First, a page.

This is a more complex Lefkara edging which is not seen too often anymore, according to the author. The funny thing is, if I were to teach myself to work any of the techniques involved in Lefkara lace, this would be the one I would concentrate on. I love this edging! Incidentally, the ladies who worked this lace when the hand-made lace industry was strong didn’t necessarily work every element of the lace on a given piece. One person might cut the threads and do the initial binding or edging on the cut areas; another might work the surface embroidery; another, the elaborate fillings; another, the edging. This approach is typical to the cottage lace-making industries – it is the same way that Alençon lace in France used to be made, for example.

Lefkara Lace Embroidery by Androula Hadjiyiasemi

The author then proceeds step-by-step through the making of a piece of Lefkara lace. Here, you see a major difference between Lefkara lace and Hardanger. The threads in the linen for Lefkara lace are cut before any stitching is done. Also, the linen is much finer – from 40 to 50 count.

Lefkara Lace Embroidery by Androula Hadjiyiasemi

The technique part of the book is full of these close up photos of the various steps involved in making Lefkara lace. In this way, I think the book, published in 1987, is before its time. These thorough close-up photos of step-by-step processes in needlework didn’t become typical of needlework books until the mid-90’s, really. Occasionally, you’d find books with clear step-by-steps, but not too often. Showing the exact step-by-step process using photos of real work in progress was just coming into vogue. I love the picture above, by the way, because it answers a question I would ask, if I were trying to learn this technique from a book: how close do you cut your threads to the open areas? And you can see that they’re trimmed really close to the open area.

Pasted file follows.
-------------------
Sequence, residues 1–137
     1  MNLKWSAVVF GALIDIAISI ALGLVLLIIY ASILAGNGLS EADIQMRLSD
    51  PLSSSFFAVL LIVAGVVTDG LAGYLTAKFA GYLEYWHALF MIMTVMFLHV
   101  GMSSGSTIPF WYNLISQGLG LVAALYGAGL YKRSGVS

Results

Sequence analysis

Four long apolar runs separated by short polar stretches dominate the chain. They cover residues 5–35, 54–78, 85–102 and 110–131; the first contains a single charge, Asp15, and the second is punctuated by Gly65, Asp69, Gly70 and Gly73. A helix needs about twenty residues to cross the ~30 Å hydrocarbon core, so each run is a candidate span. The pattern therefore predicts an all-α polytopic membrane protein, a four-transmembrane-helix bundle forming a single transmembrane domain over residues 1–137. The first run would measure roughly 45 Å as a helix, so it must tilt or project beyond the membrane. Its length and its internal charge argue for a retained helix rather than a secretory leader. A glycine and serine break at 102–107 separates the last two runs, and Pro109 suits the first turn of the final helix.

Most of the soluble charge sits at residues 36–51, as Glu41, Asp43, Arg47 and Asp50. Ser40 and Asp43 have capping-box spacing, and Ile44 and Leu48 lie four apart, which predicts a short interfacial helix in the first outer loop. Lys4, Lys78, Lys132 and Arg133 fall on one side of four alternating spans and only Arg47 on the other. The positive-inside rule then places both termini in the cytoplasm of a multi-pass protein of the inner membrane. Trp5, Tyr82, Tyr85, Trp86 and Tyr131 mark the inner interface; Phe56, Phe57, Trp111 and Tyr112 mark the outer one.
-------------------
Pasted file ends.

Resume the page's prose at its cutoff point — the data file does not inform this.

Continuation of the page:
Lefkara Lace Embroidery by Androula Hadjiyiasemi

Another example of the step-by-step progress photo – working the edging around the cutwork area. You’ve probably noticed by now that the photos are black and white. There are a few colored photos in the book, but not many. They’re good black and white photos – very clear, with strong contrast. So it’s easy to see what’s going on in the photo!

Lefkara Lace Embroidery by Androula Hadjiyiasemi

Each stage of progress is shown clearly, and the photos are accompanied by explanatory text.

Lefkara Lace Embroidery by Androula Hadjiyiasemi

When it comes to the various fillings and the embroidered motifs, there are photos of heaps of examples of fillings. Beautiful fillings! And so many possibilities! Each photo is accompanied by explanatory text.

Lefkara Lace Embroidery by Androula Hadjiyiasemi

Not all the pieces in the book are super-complex. This is a nice, simple example of Lefkara lace.

Lefkara Lace Embroidery by Androula Hadjiyiasemi

Towards the end of the book, there’s a stitch dictionary, illustrating in diagram form the various stitches used in Lefkara lace embroidery. Each stitch (and each technique throughout the book – and all the materials, too, come to think of it!) are given in their Greek names with their English translation.

Lefkara Lace Embroidery by Androula Hadjiyiasemi

Ah – another “simple” piece of Lefkara, and one that demonstrates another difference between Lefkara lace and Hardanger: the use of curved lines. There are several examples in the book showing pieces that have flowing curved lines, scallops, and so forth. So while Hardanger is always done on the square, Lefkara has the possibility of curves and scallops and round edges.

Lefkara Lace Embroidery by Androula Hadjiyiasemi

And wow! The pieces photographed throughout the book are surely a testimony to the beauty of Lefkara lace. Gorgeous, gorgeous, gorgeous!